For example, in Vietnam, gold plays an important role in the purchase of a home. Buying a home in Vietnam takes time, as is the case in most countries. From the moment a buyer and seller agree on a price to the day the paperwork and sale are completed takes a month or longer. During this time, the value of the Vietnamese currency may have fallen sharply, as the current rate of currency depreciation in that country is very rapid. Accordingly, the buyer will arrange financing with a bank not in terms of the Vietnamese dong, but in gold, which holds its value in terms of purchasing power. This arrangement means the buyer will still have enough to pay the agreed price when the sale is consummated.

Gold's value to women living in developing countries

In the Middle East and the Indian sub-continent gold plays an important role in the financial security of women. Historically, jewelry was often the only asset a Muslim or Hindu woman could own in practice, and in more traditional families this is still very much the case, especially in rural areas. A woman's gold can therefore be her only protection against personal misfortune. Hence, the practice of giving an Indian bride gold, which is considered Streedhan, or "property of the woman".

India is the world's largest market for gold jewelry, accounting in 2004 for one fifth of the global total.

Gold's important role in society's long-standing customs

Gifts of gold make a vital contribution as tokens of love and precious souvenirs on those emotional occasions that bring people together - weddings, anniversaries, birthdays, Christmas and other religious holidays, graduations, Mother's Day, birthdays, religious ceremonies such as baptisms, and many more.

Gold's function as an adornment, as jewelry, has been in existence for over 6,000 years. The earliest gold jewelry dates from the Sumerian civilization that flourished in the fertile basin between the Tigris and Euphrates rivers around 4,000 BC.

Why is gold so coveted? Since the beginning of time, the intrinsic beauty, warmth, sensuality and spiritual richness of gold has earned it pride of place as the favorite metal of jewelers. Gold has inspired craftsmen to create objects of desire that unite us with our emotions. In the Middle Ages, alchemists attempted to use their magic to make gold from other metals. They believed that gold was a source of immortality, and so it was used in medicines designed to fight old age and prolong life.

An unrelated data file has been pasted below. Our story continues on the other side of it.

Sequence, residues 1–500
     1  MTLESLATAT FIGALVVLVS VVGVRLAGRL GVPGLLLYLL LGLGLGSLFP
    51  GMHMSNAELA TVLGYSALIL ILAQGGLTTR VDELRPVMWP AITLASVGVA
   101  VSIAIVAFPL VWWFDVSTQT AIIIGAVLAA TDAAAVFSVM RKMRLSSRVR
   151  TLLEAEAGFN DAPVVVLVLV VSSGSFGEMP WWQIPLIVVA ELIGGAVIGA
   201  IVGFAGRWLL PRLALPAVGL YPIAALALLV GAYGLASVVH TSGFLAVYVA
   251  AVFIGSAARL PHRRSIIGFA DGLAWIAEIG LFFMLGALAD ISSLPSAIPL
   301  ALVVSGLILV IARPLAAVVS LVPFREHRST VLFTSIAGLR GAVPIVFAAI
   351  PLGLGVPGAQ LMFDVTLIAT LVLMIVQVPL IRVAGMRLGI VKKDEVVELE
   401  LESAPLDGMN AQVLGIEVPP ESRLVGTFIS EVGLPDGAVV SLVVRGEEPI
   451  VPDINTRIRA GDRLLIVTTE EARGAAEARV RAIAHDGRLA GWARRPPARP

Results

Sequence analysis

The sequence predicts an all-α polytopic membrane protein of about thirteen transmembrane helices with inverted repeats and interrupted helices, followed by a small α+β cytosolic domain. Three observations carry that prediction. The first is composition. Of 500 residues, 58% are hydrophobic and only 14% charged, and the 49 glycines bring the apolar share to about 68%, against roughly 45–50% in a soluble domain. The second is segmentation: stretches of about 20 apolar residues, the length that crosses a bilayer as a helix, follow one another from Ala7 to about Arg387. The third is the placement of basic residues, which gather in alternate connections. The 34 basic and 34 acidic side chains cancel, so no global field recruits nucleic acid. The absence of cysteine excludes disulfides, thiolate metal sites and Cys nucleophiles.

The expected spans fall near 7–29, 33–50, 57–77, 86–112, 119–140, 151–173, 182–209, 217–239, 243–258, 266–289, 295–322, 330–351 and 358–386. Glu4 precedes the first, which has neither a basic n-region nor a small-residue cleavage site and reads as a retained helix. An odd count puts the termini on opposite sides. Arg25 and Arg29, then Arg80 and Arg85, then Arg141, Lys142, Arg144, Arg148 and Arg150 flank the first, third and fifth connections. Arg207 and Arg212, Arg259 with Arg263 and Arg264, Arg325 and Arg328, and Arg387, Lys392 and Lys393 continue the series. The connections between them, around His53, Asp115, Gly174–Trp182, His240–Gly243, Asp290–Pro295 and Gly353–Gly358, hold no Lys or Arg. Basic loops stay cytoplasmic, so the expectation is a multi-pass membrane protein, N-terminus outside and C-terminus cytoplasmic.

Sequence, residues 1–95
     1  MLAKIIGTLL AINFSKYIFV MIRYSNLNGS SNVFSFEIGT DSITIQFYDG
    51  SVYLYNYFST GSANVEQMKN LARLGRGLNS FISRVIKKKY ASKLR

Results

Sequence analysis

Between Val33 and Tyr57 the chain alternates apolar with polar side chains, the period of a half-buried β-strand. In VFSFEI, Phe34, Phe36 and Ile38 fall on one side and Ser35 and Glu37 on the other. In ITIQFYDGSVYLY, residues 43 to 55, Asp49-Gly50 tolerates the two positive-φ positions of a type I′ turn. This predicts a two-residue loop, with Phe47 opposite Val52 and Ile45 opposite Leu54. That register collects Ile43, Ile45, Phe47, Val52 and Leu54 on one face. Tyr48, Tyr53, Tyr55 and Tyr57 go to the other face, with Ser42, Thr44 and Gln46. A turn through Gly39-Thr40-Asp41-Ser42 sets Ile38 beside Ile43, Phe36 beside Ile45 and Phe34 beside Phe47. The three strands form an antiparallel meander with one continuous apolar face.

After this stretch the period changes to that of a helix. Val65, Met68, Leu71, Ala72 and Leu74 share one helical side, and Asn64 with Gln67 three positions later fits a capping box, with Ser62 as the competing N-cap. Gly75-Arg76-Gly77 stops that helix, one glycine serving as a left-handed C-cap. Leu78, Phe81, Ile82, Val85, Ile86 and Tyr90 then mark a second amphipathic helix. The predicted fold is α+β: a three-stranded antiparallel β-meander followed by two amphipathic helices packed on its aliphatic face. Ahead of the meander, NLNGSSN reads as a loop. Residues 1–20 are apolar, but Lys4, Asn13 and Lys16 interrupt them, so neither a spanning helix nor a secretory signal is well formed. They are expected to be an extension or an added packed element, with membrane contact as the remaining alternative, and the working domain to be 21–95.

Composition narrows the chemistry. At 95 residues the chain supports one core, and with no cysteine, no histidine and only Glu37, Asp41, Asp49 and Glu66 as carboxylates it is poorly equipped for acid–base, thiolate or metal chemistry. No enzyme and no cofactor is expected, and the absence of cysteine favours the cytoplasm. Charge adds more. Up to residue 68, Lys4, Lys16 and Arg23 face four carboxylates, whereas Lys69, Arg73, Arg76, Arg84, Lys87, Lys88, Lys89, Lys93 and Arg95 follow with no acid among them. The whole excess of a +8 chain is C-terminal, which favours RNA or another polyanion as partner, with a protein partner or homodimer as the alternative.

Today, consumer demand for gold jewelry is growing by over 20% per annum, demonstrating the confidence that women around the world have in gold. This level of demand far outstrips the supply for gold that mines can produce.

Gold as a preserver of value (inflation hedge, safe haven, etc.)

Gold is an effective hedge against inflation. In addition, gold is inversely correlated to the US dollar, making it a good currency hedge. As an asset class, gold has all the advantages of being universally regarded as a currency, without what are all too often the disadvantages of being subject to the economic and monetary policies of one particular country's government.

Gold's value as an effective portfolio diversifier

Gold is a highly effective portfolio diversifier due to its low to negative correlation with all major asset classes. Over the last 20 years, gold has shown no statistically significant correlation with equities. That applies not just to domestic US equities, but also to international equities, including those traded in London, Tokyo, Frankfurt, and so on.

Gold has also shown no statistically significant correlation with other mainstream asset classes, such as US Government bonds, Treasury Bills, and equity real estate investment trusts. The fundamental reason for this lack of correlation is that the factors driving the gold price are not the same as the factors that determine the returns on other assets. Obviously, there are some economic factors that influence the performance of all investments. But equally obviously, changes in gold supply and demand have no influence over the other asset classes.

As a rule, gold shows no statistically significant correlations with mainstream asset classes. However, there is evidence that when equities are under stress, in other words when shares are falling rapidly in value, an inverse correlation can develop between gold and equities. And this aspect of gold's behavior runs directly counter to the way other asset classes perform in stress situations.

Gold's value as a currency reserve

Gold is still considered an important reserve asset by most central banks, even though it is no longer the center of the international financial system. The most important reason is that gold is the only reserve asset that is no one's liability. This means that, unlike a currency, the value of gold cannot be affected by the economic policies of the issuing country or undermined by inflation in that country.

Gold has a track record of holding its real value over the centuries. Since gold is no-one's liability, it can not be repudiated and holding it is a safeguard against potential unforeseen crises. Gold also brings much needed diversity to a central bank portfolio due to its low correlation with key currencies and its strong inverse correlation with the US dollar. The central bank of Argentina, for example, when diversifying a portion of its reserves away from 100% reliance on the US dollar in 2004, included gold in its purchases.

Gold accounts for 9% of reserves held by central banks (valued at market prices).